The Doug Ford-led Progressive Conservative Party win in Ontario has been trumpeted as a fresh new start for Ontarians by party supporters and lamented as a dark cold era by party critics.
By the time Ford was officially sworn in as Premier of Ontario, the mudslinging from both sides of the ideological spectrum had buried deep any chance of rational debate about the issues this province must deal with.
One of these issues is poverty. Ford has made it clear he plans to seek savings for the Ontarian people in the form of “efficiencies” that will help make things more affordable, especially for the most vulnerable members of our society.
The problem is, the term “efficiencies” was often used during the Mike Harris “Common Sense” Revolution to mean government spending reduction in the form of cuts. This resulted in halving welfare payouts, downloading some services to the local level which in turn created a new generation of homelessness in major cities like Toronto, and left transit systems with a shortage of funding. It pitted urbanites against ruralites. It divided a once united province into two factions of “us” and “them” on every front imaginable. It was a noisy time of protest, sometimes extremely violent.
In the end, the Common Sense Revolution did nothing for the everyday Ontarian. It certainly did a lot of harm to the most vulnerable members of society I spoke about earlier.
The path Premier Ford is about to take will fail for the same reason why the Common Sense Revolution failed. It’s a mistake to assume that finding money to cut — be it a CEO of Hydro and the board’s combined salaries, funding for social assistance programs, or investments in green energy programs — and giving it instead as a tax cut is going to make things better. It won’t.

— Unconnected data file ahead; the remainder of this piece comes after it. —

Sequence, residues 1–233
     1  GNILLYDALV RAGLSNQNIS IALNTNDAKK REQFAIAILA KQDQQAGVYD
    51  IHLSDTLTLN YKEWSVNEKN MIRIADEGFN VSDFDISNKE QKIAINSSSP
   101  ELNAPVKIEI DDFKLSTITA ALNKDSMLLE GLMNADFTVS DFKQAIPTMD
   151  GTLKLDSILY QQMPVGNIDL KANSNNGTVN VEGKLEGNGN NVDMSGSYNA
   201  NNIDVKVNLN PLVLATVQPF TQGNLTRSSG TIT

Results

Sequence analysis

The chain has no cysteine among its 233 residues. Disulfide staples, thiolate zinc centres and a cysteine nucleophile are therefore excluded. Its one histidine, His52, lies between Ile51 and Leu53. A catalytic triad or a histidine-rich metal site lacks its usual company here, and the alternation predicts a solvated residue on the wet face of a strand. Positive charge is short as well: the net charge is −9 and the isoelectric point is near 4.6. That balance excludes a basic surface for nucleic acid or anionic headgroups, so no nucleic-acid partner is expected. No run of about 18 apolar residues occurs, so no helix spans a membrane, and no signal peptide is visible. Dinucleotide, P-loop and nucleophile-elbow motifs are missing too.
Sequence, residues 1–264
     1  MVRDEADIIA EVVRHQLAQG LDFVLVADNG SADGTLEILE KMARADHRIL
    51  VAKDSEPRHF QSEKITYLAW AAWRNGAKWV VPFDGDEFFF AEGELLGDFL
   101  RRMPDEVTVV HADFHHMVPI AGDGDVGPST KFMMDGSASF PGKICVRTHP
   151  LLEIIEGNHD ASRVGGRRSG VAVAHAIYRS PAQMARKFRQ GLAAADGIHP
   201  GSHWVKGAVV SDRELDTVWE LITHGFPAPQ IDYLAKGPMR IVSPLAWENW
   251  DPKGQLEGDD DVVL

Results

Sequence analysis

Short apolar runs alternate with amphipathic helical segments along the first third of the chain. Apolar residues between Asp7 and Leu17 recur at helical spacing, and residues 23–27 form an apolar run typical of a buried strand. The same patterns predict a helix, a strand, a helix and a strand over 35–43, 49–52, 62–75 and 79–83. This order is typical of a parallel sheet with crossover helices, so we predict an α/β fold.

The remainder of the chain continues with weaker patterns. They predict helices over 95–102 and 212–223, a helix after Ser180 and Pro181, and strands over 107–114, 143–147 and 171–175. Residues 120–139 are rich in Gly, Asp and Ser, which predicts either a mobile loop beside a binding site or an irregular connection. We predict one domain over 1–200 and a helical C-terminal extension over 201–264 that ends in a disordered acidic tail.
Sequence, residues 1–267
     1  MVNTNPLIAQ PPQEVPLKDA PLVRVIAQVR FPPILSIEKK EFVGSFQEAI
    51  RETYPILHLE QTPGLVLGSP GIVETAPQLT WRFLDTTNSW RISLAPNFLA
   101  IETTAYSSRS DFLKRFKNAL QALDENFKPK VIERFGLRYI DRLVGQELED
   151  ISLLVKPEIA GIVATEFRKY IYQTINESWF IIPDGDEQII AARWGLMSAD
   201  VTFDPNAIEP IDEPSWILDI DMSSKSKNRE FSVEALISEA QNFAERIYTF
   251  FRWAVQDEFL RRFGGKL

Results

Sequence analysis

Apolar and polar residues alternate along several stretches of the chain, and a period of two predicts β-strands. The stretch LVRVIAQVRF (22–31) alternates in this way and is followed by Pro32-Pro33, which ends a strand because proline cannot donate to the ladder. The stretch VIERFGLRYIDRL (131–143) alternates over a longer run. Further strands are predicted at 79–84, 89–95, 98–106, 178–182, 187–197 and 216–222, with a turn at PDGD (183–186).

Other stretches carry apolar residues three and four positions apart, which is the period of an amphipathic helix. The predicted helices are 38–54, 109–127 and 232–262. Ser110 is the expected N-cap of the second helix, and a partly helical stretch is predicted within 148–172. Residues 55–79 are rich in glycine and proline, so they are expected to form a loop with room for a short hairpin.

If there are no programs to help the less fortunate find affordable housing, obtain gainful employment, find release from addiction, or pursue post-secondary education, having that extra $786 annually (a maximum) for those earning $42,960 and $85,923 per year won’t help. In fact, according to one economist, Doug Ford’s platform will benefit high income earners the most.
There’s a reason why the term “most vulnerable members of society” is applied to the poor and homeless. They feel the effects of sudden economic, socio-political, and environmental changes more than those who are more stable in terms of shelter and employment. When that happens, these same people remain stuck where they are no matter how hard they try to change their predicament.
Any cuts to programs in the name of efficiency-finding won’t put more money back into the hands of the everyday man. That money will instead shift to increased hospital , law enforcement, and sanitation costs that poverty invariably brings. In the long term, those costs will have to be paid for later. Most likely, it will be paid for by a tax increase enacted in the next government — just like what the Dalton McGuinty government did after the era of the Common Sense Revolution ended.
At the same time, having the poor and homeless in a state of unproductiveness robs both the provincial economy of consumer revenue and the government of tax revenue that could go back into services that benefit every Ontarian: transit, roads, electrical grid, health care, and so on.
Doug Ford is a successful businessman yet he has forgotten that sometimes you have to spend money in order to make money. Investment in social programs in the short term reduces the need for them in the long run.
Thanks for reading!